The story was also original in its strong female protagonist, Meg. We learn that there was essentially a war between the sexes with the woman winning and driving the men away to become “wild-ones” captured only for continuing the species when needed. But Meg’s society is more enlightened and her male companion, Daiv, clearly subordinate to gives the story just the right feel to make the background seem realistic enough. There is even a reversal on the contemporary sexual politics of the time:

Meg was of the emancipated younger generation; she had accepted the new principle that men were women’s equals.

Coming into New York and exploring the empty city–wandering through the desiccated ruines of Madison Square Garden for instance–had a haunting quality. I could picture what New York is like today and imagine the seemingly horrific desolation of what Meg and Daiv found in their journey to the city. It reminded me of my own rambling through the ancient city of Miletus in Turkey some years ago. Standing in the ruins of the theater there, thousands of years old, with a hand propped against the stone wall of one of the vomitoriusm, I wondered what great philosopher also stood there to keep out of the heat, perhaps complaining about his domestic life and wondering what he’d have for dinner.

In some ways, the story is a brilliant precursor to one of my favorite Alfred Bester stories, “They Don’t Make Life Like They Used To” which also involves a desolate and abandoned New York City (although in the latter case, it is because it has been destroyed by aliens). But that story also has a strong female protagonist in Linda Nielson. I think that “Magic City” is Bond’s best story so far and its stylistic originality helped it stand well above most of the other stories in the issue.

Castaway by Robert Moore Williams

Concerning a slight misunderstanding as to the point of a certain castaway on the Caribbean island–

There is a subgenre of science fiction in which aliens are hidden on Earth, one of which is discovered, either recognized for what it is (or not) and manage to make their escape just before humans can get to them and corrupt them in some way (physically through experimentation or otherwise). It is almost a reversal on alien abduction stories, but not quite. I’m not sure this subgenre has a name, but you’d recognize it in movies like E. T.: The Extraterrestiral, or Short Circuit. (For some reason, movies seems particularly fond of this plot.)

I don’t know that “Castaway” by Robert Moore Williams is the first of these types of stories, but it is certainly what I’d consider archetypical of the trope. In this case, Parker, our protagonist, is in the lighthouse service. He’s just returned from a two-week stint, when he is asked to go back out to cover for a colleague mysteriously injured. He learns initially that his colleague broke his arm, but of course, this isn’t the whole truth. He finally agrees to go out and man the lighthouse. Once there, he encounters an unusual native, Bobo, who doesn’t seem quite right.

We quickly learn that Bobo is not what he seems. He is making use of the radio equipment, for instance. As Parker tries to figure out the mystery, we see Bobo dash off into the sea. Shortly thereafter, a massive submarine lurches up from the waves–and keeps going. Of course, we quickly learn that this was not a submarine at all but an alien spaceship. We further learn that Parkers colleague was not injured, but reported what he saw–and was put into a mental hospital for it. Parker reports the same thing at the end of the story and it becomes clear that management will have to start taking things more seriously.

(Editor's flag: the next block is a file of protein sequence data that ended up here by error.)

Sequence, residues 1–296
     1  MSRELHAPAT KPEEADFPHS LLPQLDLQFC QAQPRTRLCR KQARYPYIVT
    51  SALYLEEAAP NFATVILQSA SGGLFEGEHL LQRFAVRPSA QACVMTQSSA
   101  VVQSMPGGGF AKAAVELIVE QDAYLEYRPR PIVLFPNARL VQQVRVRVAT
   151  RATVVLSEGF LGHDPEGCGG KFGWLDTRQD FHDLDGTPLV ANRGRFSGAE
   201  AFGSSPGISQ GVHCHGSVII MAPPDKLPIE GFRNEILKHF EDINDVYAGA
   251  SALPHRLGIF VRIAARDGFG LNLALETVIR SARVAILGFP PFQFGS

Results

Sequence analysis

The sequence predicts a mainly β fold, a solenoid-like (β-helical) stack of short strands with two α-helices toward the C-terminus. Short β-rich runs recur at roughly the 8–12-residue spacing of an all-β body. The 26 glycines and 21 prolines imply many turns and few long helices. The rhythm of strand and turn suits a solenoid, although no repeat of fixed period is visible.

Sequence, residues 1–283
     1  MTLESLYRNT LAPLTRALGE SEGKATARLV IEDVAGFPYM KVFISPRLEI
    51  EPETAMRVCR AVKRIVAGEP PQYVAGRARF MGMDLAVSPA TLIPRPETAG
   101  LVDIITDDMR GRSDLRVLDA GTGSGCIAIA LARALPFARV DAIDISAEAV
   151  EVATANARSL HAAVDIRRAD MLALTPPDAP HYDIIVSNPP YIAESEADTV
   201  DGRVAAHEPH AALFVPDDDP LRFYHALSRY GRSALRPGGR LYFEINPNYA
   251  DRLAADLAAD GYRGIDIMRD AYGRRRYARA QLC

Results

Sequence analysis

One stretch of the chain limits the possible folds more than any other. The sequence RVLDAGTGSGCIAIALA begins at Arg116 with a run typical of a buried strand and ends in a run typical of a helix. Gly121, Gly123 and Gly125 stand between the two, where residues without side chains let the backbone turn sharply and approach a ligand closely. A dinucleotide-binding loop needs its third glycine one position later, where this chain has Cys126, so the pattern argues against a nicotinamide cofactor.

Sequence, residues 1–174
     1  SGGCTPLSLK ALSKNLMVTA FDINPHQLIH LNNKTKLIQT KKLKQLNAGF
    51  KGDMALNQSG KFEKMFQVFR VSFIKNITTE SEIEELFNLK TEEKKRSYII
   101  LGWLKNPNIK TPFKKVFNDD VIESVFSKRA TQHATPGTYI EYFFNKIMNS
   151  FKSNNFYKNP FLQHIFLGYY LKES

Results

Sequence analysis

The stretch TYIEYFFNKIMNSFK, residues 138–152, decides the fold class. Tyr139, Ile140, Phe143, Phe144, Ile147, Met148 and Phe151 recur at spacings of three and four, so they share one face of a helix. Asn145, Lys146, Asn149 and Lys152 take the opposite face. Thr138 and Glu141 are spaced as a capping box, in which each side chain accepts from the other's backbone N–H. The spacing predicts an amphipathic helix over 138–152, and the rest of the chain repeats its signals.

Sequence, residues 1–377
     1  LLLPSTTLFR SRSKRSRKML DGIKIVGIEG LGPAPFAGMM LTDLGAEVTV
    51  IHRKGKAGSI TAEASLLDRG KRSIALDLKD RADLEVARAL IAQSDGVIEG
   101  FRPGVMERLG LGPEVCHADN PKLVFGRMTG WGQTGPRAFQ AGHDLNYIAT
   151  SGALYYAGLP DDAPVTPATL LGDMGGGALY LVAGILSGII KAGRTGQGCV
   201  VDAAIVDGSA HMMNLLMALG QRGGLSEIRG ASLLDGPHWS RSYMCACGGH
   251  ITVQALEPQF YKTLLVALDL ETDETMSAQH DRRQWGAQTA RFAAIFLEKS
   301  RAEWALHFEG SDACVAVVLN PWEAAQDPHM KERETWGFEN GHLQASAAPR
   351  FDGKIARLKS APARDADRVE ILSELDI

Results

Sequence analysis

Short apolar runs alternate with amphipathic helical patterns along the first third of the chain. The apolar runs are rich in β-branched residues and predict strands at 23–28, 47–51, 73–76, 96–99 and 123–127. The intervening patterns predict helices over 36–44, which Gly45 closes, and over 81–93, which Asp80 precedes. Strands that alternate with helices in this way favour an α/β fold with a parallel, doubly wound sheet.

These day, this is a well-worn plot, and while it makes for an entertaining story, the underlying psychology of the story seems to be more about the reliability of human observation and when it can and cannot be trusted. At the same time, it is possible that this quiet little story began the trend for these types of stories to come and was a distant ancestor to our modert E.T. stories.

Trouble on Tantalus by P. Schuyler Miller

There was a mystery somewhere on that little-known planet, and like it or not, Moran was being carried into the heart it!

Miller’s story was my least favorite in the issue. While Campbell casts it as a mystery, the story, to me, was nothing more than an series of action sequences punctuated by brief dialog without much int he way of real mystery. It made it somewhat interesting that the events took place on Sirius, simply because many of these early stories take place within the solar system, or if they do take place outside, usually involve some nameless star.

There is a kind of King Solomon’s Mines feel to the opening paragraphs of the story, but that’s about the high point for me, with Miller weaving a repetitive drum beat (VUB, vub, vub, vub, VUB, vub, vub, vub) through that opening sequence.

I felt like there was a decent attempt to describe the alien life of the planet Tantalus, and even allow for some of the culture to emerge, but the story really didn’t seem to focus on that. This was an action story at a time that I wasn’t really looking for much of an action story but something more interesting. I think “Trouble on Tantalus” might have worked better if it was shorter. It will be interesting to see (in Episode 22) what fans thought of this story. Am I completely off base on this one? Given the quality of the other stories in this issue, this one just sinks below.

Indeed, Alva Rogers in his Requiem For Astounding writes of the story,

P. Schuyler Miller had a disappointing novelette of thud and blunder and monsters in “Trouble on Tantalus.”

“–And He Built a Crooked House–” by Robert A. Heinlein

The architect has a weird and wonderful idea for a super-modern house. The sort of thing that California permits using. But the slight jar of an earthquake rather changed it–